The distinction between the roles of men and women in America is a modern societal dichotomy. What were once the black and white duties of the 1950’s had paled into various shades of grey by the 21st century. The Ozzie and Harriet roles of the 1950’s and early 1960’s were challenged, redefined and sometimes ignored through the decades that followed. Women were demanding and being granted the opportunity to advance professional careers, explore alternative lifestyles, or forego the classic marriage family and be a single parent.
In other cases the parenting roles were completely reversed as pointed out by Glenn Sacks in his essay Stay-at-Home Dads (277). During the 1950’s, traditional American society expected women to marry young, have children and support their husband’s career. There was a sort of stigma associated with the 30 year old spinster addressed with the title Miss. This position was reinforced with the social media of the time. Books like Dr. Spock’s, Babies and Child Care argued that women working outside the home actually risked their children’s mental and emotional health!
The primary social media of the time, television and movies, also promoted the division of roles with actresses like Doris Day, Harriet Nelson and Barbara Billingsley playing the supportive wife and caring mother; while the likes of Ozzie Nelson, Hugh Beaumont and Cary Grant were the successful dominating male with the last word in all subjects.
Men were expected to be a successful all knowing and authoritative figure, working the classic nine to five job.
Those who did not fit this mold were considered by society as unmanly, lazy, failures, or just plain no-good. The only acceptable exception to this model of the male persona was the dashing consummate bachelor portrayed by actors such as John Wayne, William Shatner, and Sean Connery. Women had no such exception. The unmarried female of the time was usually portrayed as Gidget (Sandra Dee), Jeannie (Barbara Eden), Sister Bertrille (Sally Fields) or That Girl’s Anne Marie (Marlo Thomas).
Over the course of the next few decades women made dramatic strides towards social equality. Bras were burned, the pill brought on sexual freedom and the no-fault clause in divorce helped free women from the repressive shackles placed on them by the male dominated societal norm. Slowly and somewhat grudgingly, society responded to the female pressures by accepting more and more crossover roles by both women and men. The social differences between he roles of men and women began to blur as less value was placed on the traditional and both sexes began to appear in the workplace in what had previously been opposite gender roles. Areas like engineering, construction and manufacturing saw a permanent influx of women; jobs held temporarily by females during the war years of 1941 to 1945. Concurrently, men began to gravitate towards roles as nurses, teachers, and homemakers.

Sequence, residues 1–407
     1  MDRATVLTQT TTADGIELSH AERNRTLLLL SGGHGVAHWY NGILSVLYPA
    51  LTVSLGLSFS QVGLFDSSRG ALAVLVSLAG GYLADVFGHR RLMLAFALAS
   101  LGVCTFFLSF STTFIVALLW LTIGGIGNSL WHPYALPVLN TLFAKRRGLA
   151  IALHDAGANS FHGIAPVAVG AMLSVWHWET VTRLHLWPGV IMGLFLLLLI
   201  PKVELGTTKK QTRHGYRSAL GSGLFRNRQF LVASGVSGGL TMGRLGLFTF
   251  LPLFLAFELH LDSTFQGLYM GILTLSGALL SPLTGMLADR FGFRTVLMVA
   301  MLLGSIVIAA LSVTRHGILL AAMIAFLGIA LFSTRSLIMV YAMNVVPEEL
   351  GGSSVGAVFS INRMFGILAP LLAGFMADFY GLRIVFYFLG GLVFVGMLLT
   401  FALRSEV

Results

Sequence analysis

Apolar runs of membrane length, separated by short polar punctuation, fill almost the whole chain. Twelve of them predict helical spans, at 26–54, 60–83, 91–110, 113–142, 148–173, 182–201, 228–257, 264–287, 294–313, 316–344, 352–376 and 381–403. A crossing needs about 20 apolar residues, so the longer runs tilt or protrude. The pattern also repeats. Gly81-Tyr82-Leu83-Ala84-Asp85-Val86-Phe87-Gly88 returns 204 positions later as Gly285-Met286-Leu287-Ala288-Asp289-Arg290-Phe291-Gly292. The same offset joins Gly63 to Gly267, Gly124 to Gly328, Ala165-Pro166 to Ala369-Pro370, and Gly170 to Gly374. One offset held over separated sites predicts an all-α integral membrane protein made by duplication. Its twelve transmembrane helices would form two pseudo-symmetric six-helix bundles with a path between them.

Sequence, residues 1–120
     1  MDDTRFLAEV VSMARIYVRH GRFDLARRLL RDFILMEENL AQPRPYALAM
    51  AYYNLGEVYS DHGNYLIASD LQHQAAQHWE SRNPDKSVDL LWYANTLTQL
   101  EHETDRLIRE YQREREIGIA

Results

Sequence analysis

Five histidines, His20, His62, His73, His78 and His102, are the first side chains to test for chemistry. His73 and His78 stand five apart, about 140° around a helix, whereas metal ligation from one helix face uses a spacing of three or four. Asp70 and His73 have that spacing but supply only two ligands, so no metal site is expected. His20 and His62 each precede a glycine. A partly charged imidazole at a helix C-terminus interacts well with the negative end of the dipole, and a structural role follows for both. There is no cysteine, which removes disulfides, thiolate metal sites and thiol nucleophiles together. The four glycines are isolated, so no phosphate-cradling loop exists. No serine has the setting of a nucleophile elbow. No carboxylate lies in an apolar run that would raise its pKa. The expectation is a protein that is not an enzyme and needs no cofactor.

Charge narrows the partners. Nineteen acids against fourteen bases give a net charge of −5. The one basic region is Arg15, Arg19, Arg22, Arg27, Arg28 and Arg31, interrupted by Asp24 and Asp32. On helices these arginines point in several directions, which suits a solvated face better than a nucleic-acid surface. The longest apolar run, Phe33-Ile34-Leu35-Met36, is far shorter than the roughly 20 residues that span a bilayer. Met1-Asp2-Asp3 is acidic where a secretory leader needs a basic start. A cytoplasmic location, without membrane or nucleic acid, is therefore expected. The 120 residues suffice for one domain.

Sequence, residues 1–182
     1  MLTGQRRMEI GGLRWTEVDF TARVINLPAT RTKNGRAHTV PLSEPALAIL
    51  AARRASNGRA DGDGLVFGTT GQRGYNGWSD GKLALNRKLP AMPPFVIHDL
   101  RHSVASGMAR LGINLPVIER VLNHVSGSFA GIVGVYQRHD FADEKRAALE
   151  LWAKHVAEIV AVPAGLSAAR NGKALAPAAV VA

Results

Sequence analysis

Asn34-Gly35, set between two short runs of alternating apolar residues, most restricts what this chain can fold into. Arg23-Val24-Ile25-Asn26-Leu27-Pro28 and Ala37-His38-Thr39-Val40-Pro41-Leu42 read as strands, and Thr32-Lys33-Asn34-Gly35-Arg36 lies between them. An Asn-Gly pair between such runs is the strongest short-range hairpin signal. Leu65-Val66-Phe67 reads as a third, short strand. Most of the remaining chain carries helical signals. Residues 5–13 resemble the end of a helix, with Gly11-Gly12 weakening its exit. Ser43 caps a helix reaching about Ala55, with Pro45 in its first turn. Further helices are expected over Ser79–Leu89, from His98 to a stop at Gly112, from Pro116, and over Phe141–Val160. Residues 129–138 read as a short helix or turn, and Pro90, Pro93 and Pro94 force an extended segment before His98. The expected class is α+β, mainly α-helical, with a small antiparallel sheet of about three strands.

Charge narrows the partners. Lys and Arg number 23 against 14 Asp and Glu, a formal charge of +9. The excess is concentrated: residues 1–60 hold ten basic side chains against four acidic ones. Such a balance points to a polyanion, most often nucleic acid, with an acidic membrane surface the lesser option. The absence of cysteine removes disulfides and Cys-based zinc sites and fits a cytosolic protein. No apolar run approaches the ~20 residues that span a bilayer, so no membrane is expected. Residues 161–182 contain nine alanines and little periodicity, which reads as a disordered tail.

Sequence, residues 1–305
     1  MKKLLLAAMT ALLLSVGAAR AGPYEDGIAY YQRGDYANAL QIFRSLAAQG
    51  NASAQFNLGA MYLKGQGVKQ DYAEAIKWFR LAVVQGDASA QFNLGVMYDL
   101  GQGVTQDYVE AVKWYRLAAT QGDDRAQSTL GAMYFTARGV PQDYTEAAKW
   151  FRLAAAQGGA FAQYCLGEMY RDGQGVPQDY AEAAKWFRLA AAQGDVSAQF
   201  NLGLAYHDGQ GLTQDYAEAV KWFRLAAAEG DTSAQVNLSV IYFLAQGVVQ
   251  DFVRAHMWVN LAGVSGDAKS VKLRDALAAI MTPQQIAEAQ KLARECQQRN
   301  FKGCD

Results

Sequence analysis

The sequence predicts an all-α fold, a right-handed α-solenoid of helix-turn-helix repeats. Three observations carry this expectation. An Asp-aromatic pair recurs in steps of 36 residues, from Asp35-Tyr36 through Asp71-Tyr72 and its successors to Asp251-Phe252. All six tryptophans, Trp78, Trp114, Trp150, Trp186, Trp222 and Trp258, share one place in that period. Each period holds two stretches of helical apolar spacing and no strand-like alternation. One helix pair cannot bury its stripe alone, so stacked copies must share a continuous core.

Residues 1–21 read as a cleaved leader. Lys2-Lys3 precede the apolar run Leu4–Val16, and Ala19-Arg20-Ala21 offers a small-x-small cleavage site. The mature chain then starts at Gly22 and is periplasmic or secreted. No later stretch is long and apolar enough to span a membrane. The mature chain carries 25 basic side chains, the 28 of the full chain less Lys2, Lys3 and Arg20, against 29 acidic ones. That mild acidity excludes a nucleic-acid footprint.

In spite of all the work towards equality and sameism (a word I coined to describe the merging of the gender roles) men are still primarily locked into the role of provider and modern women are painted into a corner; expected to do all the female things and most of the male things while still being athletic, sexy, willing, attractive and smart. According to author Steven Hinshaw, “Our teenage girls are baffled, distressed, and overwhelmed (by) a set of impossible, contradictory expectations” (301), a situation he terms as a triple bind.
Conversely young men are now expected to be seen as strong, brave, successful, sensitive, insightful, supportive and totally accepting of the woman’s new role while still knowing when to open doors and pay for the movie tickets. As we now enter the second decade of the 21st Century, there is no shortage of women doing men’s jobs or vice-versa. The blending of traditional male-female roles has become the norm and the old-style well defined roles of breadwinner and housewife are all but extinct.
There is however, a growing trend of the liberated woman moving back into the traditional role of homemaker as they age and decide that they have missed something and now wish to express their maternal feelings. Thus, although modern society fosters the acceptance of more gender neutral roles through education, training and non-discrimination laws it also emphasizes the traditional roles as the desired outcome. So we find ourselves faced with the blurry gray dichotomy of how to meet the politically correct demands of society and still meet the individual needs of the members of that society.